Earlier this week, the Mirror asked if I was having a midlife crisis. Now that the weekend is here, it seems like a good time to sit back, relax, and come to terms with my inevitable demise.
The Mirror used the most scientific route possible to assemble a list of 40 “symptoms” of a midlife crisis — they used values from a poll conducted by a hair-loss clinic. You scoff, but is there really a business more concerned about identifying people experiencing a midlife crisis than a hair transplant clinic?
I thought not.
Still, some of the symptoms are simply hilarious. Here’s a small sample of the Big Bad Blog’s favourites:
Still going to festivals like Glastonbury
I like this one, because it implies that you’re in your midlife crisis if you just keep doing something long enough. Like, I started drinking beer as a teenager. I still drink beer. That must be a sign.
The midlife crisis, of course, is supposed to be a reaction to a realisation that your day-to-day life is filled with meaningless activities, and to try to do things that bring “meaning” to your life before your sad but inevitable demise.
Starting to attend festivals might be a sign. Continuing to do what you already have unchanged? I have my doubts.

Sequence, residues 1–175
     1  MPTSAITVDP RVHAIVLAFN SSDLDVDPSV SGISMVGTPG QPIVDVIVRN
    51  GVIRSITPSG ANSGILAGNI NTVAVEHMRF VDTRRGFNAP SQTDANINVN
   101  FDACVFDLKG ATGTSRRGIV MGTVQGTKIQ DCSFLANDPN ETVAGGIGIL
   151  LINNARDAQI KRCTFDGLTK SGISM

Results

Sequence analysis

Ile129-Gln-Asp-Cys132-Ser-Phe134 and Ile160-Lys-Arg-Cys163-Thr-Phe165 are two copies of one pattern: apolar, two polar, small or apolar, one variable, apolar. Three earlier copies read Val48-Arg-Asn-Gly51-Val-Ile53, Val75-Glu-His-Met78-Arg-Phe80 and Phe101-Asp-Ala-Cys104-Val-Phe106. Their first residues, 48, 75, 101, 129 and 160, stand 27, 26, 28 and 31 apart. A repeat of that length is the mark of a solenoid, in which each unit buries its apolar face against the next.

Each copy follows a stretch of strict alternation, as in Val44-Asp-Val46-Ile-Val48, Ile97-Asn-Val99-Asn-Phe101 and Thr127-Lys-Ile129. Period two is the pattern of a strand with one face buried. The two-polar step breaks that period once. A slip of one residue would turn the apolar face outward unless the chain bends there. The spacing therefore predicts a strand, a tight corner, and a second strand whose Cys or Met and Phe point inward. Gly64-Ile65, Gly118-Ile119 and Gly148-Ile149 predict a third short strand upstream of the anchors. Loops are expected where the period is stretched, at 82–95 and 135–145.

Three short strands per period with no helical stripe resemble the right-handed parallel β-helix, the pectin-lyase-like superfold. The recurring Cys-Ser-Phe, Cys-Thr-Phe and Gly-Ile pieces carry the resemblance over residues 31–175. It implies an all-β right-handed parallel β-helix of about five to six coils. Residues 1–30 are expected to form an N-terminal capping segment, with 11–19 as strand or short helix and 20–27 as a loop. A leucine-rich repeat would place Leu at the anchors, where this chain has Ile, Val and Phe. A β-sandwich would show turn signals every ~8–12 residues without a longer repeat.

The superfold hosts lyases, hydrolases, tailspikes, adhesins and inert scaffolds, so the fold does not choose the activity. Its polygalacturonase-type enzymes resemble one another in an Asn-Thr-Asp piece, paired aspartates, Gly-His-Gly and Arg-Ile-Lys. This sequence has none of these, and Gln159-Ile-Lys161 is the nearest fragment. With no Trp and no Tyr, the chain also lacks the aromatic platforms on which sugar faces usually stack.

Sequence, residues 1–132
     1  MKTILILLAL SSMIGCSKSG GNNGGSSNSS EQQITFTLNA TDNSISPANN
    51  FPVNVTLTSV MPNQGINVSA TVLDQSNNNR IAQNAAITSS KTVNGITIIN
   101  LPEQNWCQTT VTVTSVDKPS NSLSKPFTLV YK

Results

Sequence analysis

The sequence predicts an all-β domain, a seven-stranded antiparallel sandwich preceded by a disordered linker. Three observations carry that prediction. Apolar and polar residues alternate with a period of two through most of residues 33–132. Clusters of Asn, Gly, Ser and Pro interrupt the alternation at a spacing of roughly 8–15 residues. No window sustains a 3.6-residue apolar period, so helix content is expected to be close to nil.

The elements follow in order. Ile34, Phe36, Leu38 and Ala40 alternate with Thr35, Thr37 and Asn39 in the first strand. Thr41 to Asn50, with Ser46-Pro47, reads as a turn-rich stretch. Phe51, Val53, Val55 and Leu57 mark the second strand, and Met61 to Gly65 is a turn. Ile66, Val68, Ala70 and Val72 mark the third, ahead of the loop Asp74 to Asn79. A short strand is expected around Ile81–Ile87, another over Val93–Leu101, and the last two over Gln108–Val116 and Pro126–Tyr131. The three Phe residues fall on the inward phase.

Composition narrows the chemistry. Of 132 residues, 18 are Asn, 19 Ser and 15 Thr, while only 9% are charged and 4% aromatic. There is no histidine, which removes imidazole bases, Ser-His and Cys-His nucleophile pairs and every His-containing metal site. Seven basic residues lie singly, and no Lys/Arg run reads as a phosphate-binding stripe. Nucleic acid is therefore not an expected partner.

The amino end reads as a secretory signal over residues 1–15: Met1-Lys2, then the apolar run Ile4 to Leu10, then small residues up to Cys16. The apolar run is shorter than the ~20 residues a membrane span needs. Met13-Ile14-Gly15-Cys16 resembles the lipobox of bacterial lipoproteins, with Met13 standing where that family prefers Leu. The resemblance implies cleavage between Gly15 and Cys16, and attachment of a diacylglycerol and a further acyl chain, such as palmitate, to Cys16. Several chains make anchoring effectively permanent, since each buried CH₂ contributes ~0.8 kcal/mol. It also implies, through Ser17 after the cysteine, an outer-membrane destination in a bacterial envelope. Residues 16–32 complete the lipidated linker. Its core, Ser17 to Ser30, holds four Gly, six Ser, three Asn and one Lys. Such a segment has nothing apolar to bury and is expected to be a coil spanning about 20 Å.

Looking up old boyfriends or girlfriends on Facebook
Oh, jeez. Let’s see, in my Facebook friends list, I see … Sara, Angie, Ola, Sarah. The ex-wife used to be on there, as well. I had not noticed that she had removed herself until just now.
In any case, what I’m saying is that “old girlfriends” (I suspect they dislike the term, actually, by the time we’re all at midlife-crisis-age) seem to have always been a permanent fixture of Facebook. Which means that I’ve been in my midlife crisis since my 20s.
(Actually, that seems believable.)
Worrying over your thinning hair
I don’t fit into this category, but isn’t it also just known as … having thinning hair?
And, well done hair-loss clinic. I’m sure nothing happened to bump this one up the list.
Taking up a new hobby
*Looks at camera equipment*
Yeah, my midlife crisis didn’t begin in my 20s at all.
Flirting with people 20 years younger
The thrust of the article is that midlife crises come in the early 40s. The Big Bad Blog notes that flirting with people 20 years younger only becomes socially acceptable at this age. People in their early 30s, for example, really shouldn’t be doing this.
Or, alternatively, in your early 30s, it’s called “flirting with people 10 years younger”. In your twenties, “flirting with people your own age”.
You only read books on holiday
What kind of sorry life is this?
Not reading books most of the time?
And then missing your holiday because you’re just reading books?
There is no rhyme or reason …